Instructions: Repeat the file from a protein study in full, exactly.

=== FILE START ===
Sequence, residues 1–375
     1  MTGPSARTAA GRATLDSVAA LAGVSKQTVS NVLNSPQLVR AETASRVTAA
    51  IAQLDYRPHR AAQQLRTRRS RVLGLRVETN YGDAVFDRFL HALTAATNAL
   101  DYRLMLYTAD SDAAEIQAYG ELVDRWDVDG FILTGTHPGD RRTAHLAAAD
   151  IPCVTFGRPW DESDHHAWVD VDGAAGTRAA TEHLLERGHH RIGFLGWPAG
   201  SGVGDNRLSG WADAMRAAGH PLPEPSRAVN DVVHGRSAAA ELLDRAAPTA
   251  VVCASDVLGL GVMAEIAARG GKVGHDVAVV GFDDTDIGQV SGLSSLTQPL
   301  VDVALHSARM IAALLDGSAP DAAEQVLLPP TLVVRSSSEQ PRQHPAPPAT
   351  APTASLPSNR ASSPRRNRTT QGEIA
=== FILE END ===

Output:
Sequence, residues 1–375
     1  MTGPSARTAA GRATLDSVAA LAGVSKQTVS NVLNSPQLVR AETASRVTAA
    51  IAQLDYRPHR AAQQLRTRRS RVLGLRVETN YGDAVFDRFL HALTAATNAL
   101  DYRLMLYTAD SDAAEIQAYG ELVDRWDVDG FILTGTHPGD RRTAHLAAAD
   151  IPCVTFGRPW DESDHHAWVD VDGAAGTRAA TEHLLERGHH RIGFLGWPAG
   201  SGVGDNRLSG WADAMRAAGH PLPEPSRAVN DVVHGRSAAA ELLDRAAPTA
   251  VVCASDVLGL GVMAEIAARG GKVGHDVAVV GFDDTDIGQV SGLSSLTQPL
   301  VDVALHSARM IAALLDGSAP DAAEQVLLPP TLVVRSSSEQ PRQHPAPPAT
   351  APTASLPSNR ASSPRRNRTT QGEIA